Future NASA light detection and ranging (LIDAR) mapping systems require multi-channel receivers with high
sensitivity and bandwidth operating at 1-1.5 μm wavelengths. One of the ways to improve the system performance is to
improve the sensitivity of photoreceiver. InGaAs avalanche photodiode (APD) sensor technology is considered for this
wavelength region because of high reliability. However, commercially available InGaAs APDs have low sensitivity due
to the high excess-noise of InP material. Spectrolab has been developing low excess noise InGaAs avalanche
photodiodes (APDs) with impact ionization engineering (I<sup>2</sup>E) structures and recently, APDs with excess noise factor of
0.15 have been demonstrated using an I<sup>2</sup>E design. Single channel photoreceivers built using low noise I<sup>2</sup>E APDs show a
noise equivalent power (NEP) of 150 fW/rt(Hz) over a bandwidth of 1 GHz, a record for InGaAs based APDs. A 16
channel GHz SWIR photoreceiver was designed and built at Spectrolab. The photoreceiver was designed to work with a
custom fiber bundle which couples the light from telescope to detectors. The photoreceiver shows a system level NEP
less than 300 fW/rt(Hz) with 1 GHz bandwidth.
There is a strong interest in developing sensitive Short Wavelength Infrared (SWIR) avalanche photodiodes (APDs) for
applications like eye safe laser ranging and robotic vision. The excess noise associated with the avalanche process is
critical in dictating the sensitivity of APDs. InGaAs APDs that are commonly used in the SWIR region have either InP
or InAlAs as an avalanche layer and these materials have excess noise factor of 0.5 and 0.22, respectively. Earlier,
Spectrolab had developed APDs with impact ionization engineering (I<sup>2</sup>E) structures based on InAlAs and InGaAlAs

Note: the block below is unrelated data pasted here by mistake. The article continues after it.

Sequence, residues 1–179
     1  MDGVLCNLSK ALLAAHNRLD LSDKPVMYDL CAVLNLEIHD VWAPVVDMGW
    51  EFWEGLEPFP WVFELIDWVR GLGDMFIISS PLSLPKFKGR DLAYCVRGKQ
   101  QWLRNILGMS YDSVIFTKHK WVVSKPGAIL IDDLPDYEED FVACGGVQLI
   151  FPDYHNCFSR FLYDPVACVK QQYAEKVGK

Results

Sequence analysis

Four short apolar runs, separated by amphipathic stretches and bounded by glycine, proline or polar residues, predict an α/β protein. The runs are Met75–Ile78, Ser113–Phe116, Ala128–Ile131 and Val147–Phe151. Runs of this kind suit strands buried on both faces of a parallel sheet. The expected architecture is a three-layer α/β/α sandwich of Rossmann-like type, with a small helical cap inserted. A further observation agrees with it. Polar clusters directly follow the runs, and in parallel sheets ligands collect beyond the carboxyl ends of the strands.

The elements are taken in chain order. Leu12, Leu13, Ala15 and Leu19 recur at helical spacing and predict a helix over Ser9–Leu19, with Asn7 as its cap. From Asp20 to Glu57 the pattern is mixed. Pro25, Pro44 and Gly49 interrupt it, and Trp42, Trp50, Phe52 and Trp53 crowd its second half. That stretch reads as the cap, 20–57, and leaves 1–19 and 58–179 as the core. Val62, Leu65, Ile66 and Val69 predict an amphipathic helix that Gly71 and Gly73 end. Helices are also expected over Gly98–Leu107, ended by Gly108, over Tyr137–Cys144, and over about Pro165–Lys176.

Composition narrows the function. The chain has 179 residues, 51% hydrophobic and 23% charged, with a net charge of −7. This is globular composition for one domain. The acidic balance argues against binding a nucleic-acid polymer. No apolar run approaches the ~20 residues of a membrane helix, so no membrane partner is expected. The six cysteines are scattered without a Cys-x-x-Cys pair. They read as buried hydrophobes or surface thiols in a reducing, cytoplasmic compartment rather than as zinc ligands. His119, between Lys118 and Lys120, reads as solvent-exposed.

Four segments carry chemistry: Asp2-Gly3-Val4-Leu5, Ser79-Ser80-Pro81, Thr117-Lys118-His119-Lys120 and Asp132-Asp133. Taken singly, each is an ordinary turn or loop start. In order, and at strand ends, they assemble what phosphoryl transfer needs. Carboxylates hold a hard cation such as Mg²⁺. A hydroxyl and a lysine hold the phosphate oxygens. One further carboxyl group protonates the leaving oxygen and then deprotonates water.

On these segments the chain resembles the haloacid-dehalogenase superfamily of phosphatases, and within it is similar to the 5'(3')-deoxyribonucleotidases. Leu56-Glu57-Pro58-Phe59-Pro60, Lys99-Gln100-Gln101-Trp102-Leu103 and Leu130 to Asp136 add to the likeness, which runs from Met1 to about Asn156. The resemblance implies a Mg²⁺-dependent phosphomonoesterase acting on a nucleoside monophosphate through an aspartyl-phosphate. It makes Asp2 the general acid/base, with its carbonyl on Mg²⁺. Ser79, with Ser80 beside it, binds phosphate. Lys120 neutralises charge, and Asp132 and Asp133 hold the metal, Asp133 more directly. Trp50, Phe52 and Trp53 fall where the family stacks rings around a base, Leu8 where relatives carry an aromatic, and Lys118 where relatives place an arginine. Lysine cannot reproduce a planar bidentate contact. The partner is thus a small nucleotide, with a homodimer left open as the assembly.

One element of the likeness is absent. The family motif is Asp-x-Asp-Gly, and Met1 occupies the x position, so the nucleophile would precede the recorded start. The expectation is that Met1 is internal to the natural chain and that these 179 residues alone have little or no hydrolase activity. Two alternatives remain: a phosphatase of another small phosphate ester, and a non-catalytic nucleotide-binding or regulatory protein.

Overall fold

heterostructures as avalanche layers. These I<sup>2</sup>E APDs showed an excess noise factor of 0.15. A photoreceiver based on
the I<sup>2</sup>E APD exhibited an noise equivalent power (NEP) of 150 fW/rt(Hz) over 1 GHz bandwidth at 1.06 μm. In this
paper, a new multiplier structure based on multiple stages of I<sup>2</sup>E is studied. The APDs show optical gains over 100
before device breakdown. The increased gain and low excess noise will improve the sensitivity of InGaAs APDs based
Future robots and autonomous vehicles require compact low-cost Laser Detection and Ranging (LADAR) systems for
autonomous navigation. Army Research Laboratory (ARL) had recently demonstrated a brass-board short-range eye-safe
MEMS scanning LADAR system for robotic applications. Boeing Spectrolab is doing a tech-transfer (CRADA) of this
system and has built a compact MEMS scanning LADAR system with additional improvements in receiver sensitivity,
laser system, and data processing system. Improved system sensitivity, low-cost, miniaturization, and low power
consumption are the main goals for the commercialization of this LADAR system. The receiver sensitivity has been
improved by 2x using large-area InGaAs PIN detectors with low-noise amplifiers. The FPGA code has been updated to
extend the range to 50 meters and detect up to 3 targets per pixel. Range accuracy has been improved through the
implementation of an optical T-Zero input line. A compact commercially available erbium fiber laser operating at 1550
nm wavelength is used as a transmitter, thus reducing the size of the LADAR system considerably from the ARL brassboard
system. The computer interface has been consolidated to allow image data and configuration data (configuration
settings and system status) to pass through a single Ethernet port. In this presentation we will discuss the system
architecture and future improvements to receiver sensitivity using avalanche photodiodes.
Three-dimensional (3D) topographic imaging using Short wavelength infrared (SWIR) Laser Detection and
Range (LADAR) systems have been successfully demonstrated on various platforms. LADAR imaging
provides coverage down to inch-level fidelity and allows for effective wide-area terrain mapping. Recently
Spectrolab has demonstrated a compact 32×32 LADAR camera with single photon-level sensitivity with
small size, weight, and power (SWAP) budget. This camera has many special features such as non-uniform
bias correction, variable range gate width from 2 microseconds to 6 microseconds, windowing for smaller
arrays, and shorted pixel protection. Boeing integrated this camera with a 1.06 μm pulse laser on various
platforms and had demonstrated 3D imaging. In this presentation, the operation details of this camera and
3D imaging demonstration using this camera on various platforms will be presented.